Succession planting comes in several forms, each of which increases the potential yield and extends the growing season for home gardeners. In some cases, the practice may save your season--especially if inclement weather, a late cold snap or another unforeseen incident affects one set of seeds or plants. These methods can be intricately planned, but do not require exact timing and precision to make them work well.
Replace a Crop
Planting a new crop as soon as a previous crop is harvested is one method of succession planting to increase yield. This can begin in early spring with plants that are able to withstand cooler weather. As those plants mature and the produce is gathered, gardeners can replace them with a warm weather crop selection. If the conditions permit, warm weather crops can be grown back to back. Gardeners can also choose to follow a summer garden with plantings tolerant of cool weather for fall harvest. Doing so has the potential to double or triple your output from the same space and expand the type and number of crops you can produce over the course of a year.
Add Over Time
Planting crops in sets over a span of weeks is another example of succession planting. Corn, radishes and lettuce are only a few of the crops you may consider using in this way. By planting a set amount of seed in intervals over the course of the season, you space out the development of produce. Instead of having all of your ears of corn mature around the same date, you will have a fresh supply ripening consistently for several weeks. This makes harvest and processing easier and allows you to enjoy fresh items over a longer period.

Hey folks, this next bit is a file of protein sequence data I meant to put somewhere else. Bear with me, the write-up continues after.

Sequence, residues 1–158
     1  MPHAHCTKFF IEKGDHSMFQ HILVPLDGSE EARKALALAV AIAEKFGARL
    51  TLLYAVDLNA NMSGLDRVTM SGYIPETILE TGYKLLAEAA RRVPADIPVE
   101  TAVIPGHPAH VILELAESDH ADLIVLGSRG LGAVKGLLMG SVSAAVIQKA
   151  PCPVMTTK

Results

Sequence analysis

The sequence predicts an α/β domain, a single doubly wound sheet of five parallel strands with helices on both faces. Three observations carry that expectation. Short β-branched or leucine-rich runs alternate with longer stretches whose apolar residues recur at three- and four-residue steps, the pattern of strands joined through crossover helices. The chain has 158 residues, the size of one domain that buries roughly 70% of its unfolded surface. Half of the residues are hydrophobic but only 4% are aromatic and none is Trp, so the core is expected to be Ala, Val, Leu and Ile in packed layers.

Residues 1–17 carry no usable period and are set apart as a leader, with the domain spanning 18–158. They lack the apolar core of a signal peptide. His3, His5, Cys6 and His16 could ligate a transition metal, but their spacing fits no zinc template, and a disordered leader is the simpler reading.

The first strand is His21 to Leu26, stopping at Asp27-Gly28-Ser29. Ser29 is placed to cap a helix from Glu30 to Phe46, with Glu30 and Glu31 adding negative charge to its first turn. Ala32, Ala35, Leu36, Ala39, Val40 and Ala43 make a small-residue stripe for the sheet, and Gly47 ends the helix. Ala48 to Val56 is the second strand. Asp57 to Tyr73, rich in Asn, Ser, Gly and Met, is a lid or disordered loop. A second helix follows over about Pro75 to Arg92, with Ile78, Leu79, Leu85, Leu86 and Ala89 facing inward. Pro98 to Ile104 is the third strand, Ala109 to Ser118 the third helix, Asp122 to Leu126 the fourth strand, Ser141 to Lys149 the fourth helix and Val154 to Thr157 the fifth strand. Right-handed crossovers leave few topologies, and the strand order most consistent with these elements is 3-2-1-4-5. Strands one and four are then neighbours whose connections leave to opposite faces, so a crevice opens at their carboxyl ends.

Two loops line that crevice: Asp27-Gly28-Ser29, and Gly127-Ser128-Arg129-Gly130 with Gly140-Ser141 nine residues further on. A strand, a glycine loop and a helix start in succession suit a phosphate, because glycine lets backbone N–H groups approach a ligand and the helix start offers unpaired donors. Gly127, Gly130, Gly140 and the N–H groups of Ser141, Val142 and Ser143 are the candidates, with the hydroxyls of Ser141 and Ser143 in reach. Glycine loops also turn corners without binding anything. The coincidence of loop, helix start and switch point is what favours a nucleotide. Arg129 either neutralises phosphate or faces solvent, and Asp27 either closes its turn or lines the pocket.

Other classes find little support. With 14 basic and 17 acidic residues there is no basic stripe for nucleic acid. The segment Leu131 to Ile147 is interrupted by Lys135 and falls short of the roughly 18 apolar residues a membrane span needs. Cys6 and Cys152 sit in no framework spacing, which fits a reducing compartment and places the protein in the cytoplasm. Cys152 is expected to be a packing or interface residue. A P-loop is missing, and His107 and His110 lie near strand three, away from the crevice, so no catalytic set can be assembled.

Interplanting is not considered succession planting per se, but works along similar lines. A good example is one given by the Ohio State University Extension master gardener program involving planting radishes in the same row and at the same time as carrot seeds. Radishes have an earlier maturity date and grow quickly enough to allow their harvest without disturbing the developing carrots. The benefit in this instance is that a single space does double duty. This can free up areas of the garden for other vegetable selections you otherwise may not have room to include. It can also save the gardener from having to prepare and maintain a larger space than necessary.
When planting in an intensive manner, care must be taken to use proper crop rotation methods, as some plant families should not be included in the same space year after year. Examples include the nightshade family of tomato, potato, pepper and eggplant and the curcurbits--including squash, cucumbers and melons. As a general rule, members of the same plant family should be located in the same space only once every three years.
You can, however, grow multiple crops in the same plot during the extended season created with succession planting. This gives gardeners extended use of the same space, which is good if you have portions of the garden that have advantages like more sun exposure or better drainage. Using crops that help fix nitrogen in the soil and replenish nutrients is also a recommendation if you plan to use a garden space repeatedly. Growing two different crops back to back allows you to immediately begin to rebuild the contents of the soil.